Pros 

  • To start with, it is made of a tough tungsten carbide
  • Additionally, the blade has sharp teeth making it easy to cut through materials
  • It is more durable than others
  • It is less expensive

Cons 

  • Nonetheless, it has fewer teeth compared to its counterparts on the list.

FAQS

What is the most popular circular saw blade size?

The most common circular blade size is 7 1/4 inches. It is due to its ability to cut any material of reasonable diameter.

Did circular saw blades interchangeable between brands?

Absolutely no. Most blades are for specific saws, and it is wise to the recommended blade for your saw.

Are more teeth better for a circular saw blade?

The number of teeth determines the cutting speed of a circular saw blade. First, you will get a better finish from a blade with more teeth then blades with fewer teeth cut faster.

Summary

There are many circular saw blades available today that you can use on different saws for different purposes. Due to this, you may find it challenging to choose one. Therefore, we have given you a highlight on the best circular blades in this article. We have made it easier for you to compare different types of blades by providing numerous features of each type. Additionally, remember to consider the application area to avoid using the right blade for the wrong job.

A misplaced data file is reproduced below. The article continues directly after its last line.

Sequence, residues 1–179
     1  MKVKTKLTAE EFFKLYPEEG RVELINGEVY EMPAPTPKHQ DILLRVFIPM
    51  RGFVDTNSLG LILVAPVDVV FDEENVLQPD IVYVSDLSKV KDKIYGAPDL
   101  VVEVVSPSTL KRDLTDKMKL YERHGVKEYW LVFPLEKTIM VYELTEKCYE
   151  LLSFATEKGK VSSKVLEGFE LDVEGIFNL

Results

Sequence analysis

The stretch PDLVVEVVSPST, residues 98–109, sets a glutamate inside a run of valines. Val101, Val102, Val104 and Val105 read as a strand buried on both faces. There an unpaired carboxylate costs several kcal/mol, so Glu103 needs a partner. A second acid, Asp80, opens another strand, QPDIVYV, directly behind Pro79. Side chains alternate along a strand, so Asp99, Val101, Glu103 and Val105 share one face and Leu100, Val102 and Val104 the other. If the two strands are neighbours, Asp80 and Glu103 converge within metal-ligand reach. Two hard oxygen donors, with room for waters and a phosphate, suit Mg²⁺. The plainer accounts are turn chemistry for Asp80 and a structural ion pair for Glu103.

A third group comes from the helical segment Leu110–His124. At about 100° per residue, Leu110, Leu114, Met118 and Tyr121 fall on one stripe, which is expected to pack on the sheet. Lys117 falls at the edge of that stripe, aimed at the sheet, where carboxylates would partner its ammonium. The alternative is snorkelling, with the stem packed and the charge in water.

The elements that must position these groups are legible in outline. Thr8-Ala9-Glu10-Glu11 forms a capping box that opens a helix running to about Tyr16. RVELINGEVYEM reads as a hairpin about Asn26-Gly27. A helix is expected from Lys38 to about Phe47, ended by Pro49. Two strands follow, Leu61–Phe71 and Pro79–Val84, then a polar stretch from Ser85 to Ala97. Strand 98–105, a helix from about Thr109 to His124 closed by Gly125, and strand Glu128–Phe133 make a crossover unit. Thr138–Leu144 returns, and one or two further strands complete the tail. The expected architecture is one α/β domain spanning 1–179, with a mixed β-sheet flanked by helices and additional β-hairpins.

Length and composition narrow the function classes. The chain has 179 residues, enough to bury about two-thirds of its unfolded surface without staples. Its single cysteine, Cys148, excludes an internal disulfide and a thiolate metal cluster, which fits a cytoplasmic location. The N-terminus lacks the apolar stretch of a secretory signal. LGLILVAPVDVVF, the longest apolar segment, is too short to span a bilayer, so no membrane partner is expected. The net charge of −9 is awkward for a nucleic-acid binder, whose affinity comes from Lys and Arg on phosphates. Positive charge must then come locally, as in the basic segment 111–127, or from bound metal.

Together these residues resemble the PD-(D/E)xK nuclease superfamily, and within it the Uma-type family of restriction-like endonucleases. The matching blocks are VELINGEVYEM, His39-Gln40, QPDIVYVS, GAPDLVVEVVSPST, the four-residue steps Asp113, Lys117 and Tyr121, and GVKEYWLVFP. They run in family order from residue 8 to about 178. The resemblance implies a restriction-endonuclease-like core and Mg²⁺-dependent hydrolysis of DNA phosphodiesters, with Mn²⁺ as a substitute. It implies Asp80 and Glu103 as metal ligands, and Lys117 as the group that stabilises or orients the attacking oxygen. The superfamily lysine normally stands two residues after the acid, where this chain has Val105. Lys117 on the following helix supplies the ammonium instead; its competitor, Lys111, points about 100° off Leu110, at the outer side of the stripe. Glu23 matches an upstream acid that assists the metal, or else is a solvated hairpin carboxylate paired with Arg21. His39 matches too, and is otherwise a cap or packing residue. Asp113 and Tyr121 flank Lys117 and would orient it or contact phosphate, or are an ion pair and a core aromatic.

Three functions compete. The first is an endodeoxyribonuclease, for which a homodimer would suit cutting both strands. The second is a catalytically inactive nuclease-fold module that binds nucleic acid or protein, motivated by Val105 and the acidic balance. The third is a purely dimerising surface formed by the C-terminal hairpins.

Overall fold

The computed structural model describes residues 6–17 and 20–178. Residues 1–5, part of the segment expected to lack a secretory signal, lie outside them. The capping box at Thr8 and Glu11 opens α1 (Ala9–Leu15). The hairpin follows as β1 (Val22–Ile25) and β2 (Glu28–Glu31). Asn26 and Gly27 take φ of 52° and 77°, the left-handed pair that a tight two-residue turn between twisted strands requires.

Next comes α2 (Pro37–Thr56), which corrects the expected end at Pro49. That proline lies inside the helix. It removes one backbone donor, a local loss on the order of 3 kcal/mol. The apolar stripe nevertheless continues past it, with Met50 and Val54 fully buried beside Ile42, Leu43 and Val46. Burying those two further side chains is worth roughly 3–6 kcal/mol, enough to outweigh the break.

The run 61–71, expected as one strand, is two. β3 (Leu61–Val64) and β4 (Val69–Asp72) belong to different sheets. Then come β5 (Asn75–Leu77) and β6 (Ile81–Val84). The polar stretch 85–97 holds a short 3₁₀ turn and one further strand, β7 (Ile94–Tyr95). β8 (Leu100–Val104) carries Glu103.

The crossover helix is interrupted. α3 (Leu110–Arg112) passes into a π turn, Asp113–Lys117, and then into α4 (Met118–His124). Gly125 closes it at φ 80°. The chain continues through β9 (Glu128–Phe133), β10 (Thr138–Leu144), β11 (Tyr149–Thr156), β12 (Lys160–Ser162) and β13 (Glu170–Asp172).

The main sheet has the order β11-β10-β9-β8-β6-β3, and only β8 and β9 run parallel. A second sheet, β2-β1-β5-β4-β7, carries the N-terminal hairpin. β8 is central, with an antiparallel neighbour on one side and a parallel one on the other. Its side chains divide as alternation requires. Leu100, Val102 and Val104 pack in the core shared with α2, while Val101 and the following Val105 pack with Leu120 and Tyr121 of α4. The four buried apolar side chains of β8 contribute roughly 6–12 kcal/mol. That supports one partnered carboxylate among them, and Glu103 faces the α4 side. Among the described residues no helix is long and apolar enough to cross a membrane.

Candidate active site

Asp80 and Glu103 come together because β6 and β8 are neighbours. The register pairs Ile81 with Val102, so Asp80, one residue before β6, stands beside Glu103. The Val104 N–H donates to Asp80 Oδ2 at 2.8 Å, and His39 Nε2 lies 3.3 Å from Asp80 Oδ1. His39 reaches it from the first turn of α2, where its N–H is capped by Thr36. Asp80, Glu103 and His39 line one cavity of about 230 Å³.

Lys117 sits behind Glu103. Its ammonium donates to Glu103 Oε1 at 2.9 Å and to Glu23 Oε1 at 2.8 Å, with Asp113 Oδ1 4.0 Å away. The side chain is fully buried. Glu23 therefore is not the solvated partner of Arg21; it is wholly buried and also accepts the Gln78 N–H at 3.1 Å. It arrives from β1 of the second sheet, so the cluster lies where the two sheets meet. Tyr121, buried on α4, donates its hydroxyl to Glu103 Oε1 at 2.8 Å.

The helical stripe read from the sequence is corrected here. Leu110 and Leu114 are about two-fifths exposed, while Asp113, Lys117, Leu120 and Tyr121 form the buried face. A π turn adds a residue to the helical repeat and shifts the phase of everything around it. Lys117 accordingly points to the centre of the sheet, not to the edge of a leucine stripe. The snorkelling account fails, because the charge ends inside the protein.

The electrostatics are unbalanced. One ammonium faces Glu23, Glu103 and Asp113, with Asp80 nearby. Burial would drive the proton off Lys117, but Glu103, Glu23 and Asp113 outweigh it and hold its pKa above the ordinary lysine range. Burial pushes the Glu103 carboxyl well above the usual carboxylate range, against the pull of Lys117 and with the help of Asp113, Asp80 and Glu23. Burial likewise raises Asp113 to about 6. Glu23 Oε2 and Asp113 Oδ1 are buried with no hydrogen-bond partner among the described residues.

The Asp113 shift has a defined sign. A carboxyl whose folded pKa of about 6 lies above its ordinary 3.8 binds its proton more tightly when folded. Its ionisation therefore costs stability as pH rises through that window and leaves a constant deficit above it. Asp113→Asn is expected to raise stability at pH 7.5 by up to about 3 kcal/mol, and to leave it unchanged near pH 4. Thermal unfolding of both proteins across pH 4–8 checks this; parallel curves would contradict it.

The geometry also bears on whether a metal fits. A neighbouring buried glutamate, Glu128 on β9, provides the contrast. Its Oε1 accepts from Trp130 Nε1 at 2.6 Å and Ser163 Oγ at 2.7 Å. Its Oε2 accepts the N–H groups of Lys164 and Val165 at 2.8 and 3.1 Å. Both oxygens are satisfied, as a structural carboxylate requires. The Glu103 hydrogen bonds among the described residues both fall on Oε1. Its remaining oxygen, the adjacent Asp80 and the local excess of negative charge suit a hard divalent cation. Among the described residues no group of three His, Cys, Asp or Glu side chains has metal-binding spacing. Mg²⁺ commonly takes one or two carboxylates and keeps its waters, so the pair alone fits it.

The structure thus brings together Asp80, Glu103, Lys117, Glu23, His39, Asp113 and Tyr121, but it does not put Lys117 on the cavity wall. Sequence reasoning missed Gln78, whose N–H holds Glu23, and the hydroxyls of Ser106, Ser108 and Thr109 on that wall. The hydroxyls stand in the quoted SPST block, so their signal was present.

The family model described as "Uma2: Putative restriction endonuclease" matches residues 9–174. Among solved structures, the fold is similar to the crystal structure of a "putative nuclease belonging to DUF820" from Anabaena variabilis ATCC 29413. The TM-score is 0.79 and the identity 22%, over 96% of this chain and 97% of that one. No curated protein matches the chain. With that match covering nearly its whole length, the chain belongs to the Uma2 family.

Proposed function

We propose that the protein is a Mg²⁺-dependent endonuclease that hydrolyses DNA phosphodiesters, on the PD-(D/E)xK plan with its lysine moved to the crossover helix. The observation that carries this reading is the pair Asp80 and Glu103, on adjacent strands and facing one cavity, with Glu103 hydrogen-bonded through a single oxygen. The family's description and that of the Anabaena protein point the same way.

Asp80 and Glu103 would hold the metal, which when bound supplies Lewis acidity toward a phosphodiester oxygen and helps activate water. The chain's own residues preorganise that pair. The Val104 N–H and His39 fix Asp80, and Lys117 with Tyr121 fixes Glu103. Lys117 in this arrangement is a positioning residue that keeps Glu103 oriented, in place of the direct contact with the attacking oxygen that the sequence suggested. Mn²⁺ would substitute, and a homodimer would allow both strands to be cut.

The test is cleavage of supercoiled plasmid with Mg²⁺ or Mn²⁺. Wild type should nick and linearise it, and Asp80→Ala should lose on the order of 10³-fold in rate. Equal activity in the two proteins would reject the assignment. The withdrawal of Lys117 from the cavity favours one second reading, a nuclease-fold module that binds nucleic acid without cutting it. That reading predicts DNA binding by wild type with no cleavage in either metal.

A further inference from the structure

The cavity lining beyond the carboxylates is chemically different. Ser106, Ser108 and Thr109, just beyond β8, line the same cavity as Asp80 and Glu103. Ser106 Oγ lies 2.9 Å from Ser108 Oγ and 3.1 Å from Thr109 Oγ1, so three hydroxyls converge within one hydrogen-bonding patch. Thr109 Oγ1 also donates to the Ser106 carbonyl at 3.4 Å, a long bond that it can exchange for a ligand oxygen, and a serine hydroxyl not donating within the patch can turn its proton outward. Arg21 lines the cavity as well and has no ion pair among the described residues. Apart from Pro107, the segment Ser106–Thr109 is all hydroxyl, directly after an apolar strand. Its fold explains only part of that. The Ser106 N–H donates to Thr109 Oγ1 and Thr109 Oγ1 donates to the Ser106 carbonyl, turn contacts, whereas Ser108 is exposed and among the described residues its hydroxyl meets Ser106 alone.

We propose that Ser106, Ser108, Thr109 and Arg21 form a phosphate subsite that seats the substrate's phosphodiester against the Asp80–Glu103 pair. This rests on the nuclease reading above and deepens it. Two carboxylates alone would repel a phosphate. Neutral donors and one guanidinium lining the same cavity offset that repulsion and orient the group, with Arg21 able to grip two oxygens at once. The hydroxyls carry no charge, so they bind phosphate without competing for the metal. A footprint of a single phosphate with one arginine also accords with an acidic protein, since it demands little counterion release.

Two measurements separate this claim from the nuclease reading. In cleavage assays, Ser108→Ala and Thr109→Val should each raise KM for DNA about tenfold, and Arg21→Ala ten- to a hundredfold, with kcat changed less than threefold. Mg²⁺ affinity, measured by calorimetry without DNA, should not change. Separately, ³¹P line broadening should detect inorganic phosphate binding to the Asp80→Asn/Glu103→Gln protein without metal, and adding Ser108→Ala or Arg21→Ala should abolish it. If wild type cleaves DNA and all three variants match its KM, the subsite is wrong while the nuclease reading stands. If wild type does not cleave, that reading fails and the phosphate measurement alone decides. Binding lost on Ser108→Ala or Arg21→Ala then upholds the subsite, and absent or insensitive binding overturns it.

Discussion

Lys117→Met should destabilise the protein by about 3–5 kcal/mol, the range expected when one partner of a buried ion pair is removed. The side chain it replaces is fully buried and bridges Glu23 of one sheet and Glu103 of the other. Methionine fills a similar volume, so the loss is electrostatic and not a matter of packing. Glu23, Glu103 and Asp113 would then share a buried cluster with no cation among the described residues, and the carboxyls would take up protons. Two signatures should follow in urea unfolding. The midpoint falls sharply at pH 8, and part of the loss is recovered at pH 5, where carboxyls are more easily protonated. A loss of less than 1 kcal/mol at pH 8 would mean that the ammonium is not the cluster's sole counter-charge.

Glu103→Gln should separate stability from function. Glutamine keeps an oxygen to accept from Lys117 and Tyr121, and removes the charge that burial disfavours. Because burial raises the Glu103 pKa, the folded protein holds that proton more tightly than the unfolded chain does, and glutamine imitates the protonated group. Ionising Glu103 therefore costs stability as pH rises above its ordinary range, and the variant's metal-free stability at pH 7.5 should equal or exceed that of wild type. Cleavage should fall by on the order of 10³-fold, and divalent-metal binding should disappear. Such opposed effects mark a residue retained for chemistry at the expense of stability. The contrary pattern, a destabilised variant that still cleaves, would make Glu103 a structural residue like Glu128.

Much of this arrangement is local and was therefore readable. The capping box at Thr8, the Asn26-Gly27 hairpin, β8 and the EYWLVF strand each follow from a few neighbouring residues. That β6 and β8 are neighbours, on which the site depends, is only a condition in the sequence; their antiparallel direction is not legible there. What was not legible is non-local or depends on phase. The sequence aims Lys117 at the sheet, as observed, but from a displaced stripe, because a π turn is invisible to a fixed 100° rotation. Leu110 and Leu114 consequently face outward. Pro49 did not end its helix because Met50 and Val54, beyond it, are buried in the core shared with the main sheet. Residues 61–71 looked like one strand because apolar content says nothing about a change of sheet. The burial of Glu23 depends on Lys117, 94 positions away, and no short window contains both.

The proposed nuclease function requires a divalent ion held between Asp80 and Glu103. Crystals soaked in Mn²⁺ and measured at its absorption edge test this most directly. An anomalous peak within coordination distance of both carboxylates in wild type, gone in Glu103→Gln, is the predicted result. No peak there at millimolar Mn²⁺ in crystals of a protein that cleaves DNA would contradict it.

Best Edc Fixed Blade – Looking for a solid edge and durable product?

Edc Fixed Blade

With so many fixed blade knife options, you may be asking yourself, “Where do I start?  A good EDC fixed blade knife could be expensive, and you will probably carry it with you most days. Therefore it is worth taking your time to make the right choice for you.

To help you decide, we have listed the best EDC fixed blade knife in several categories.

How to choose the best Edc fixed blade?

There are several key points to consider.

Uses

There are many potential uses for EDC fixed blade knives. Such as everyday tasks, defense, and hunting trips.

Size, Weight

For an everyday use knife, you should consider a blade length less than 3 inches. The weight should be as low as possible, ideally below 250 grams.

For a tactical knife, the blade length and weight depend on how important concealment is to you. Generally, survival EDC knife blades exceed 4 inches, and the weight tends to be greater than 500 grams.

If your knife is for defense, it should be light and easy to draw. At the same time, a knife for survival situations should be larger, generally with a blade length greater than four inches.

Materials

Many EDC blades are some blend of carbon steel, stainless steel, and chromium. Blades with a high carbon content are very tough with a cutting edge that will retain their sharpness. However, these blades tend to be relatively thick and brittle. They will rust if not properly maintained.

At the other extreme stainless steel blades will not rust and are easy to sharpen. But the blade is relatively soft and not generally suitable for survival situations.

Handle Construction

Ideally, you should choose a full tang knife. It means the metal of the knife goes from tip to pommel. The handle material should be non-slip, but there are many options and making a selection is often down to personal preference. Some users prefer a shaped pommel to use as a hammer.

Style

Your knife reflects your personality and should reflect your style. Carrying a large knife may look out of place for you. If you tend to wear tight clothing, then where are you going to carry your knife?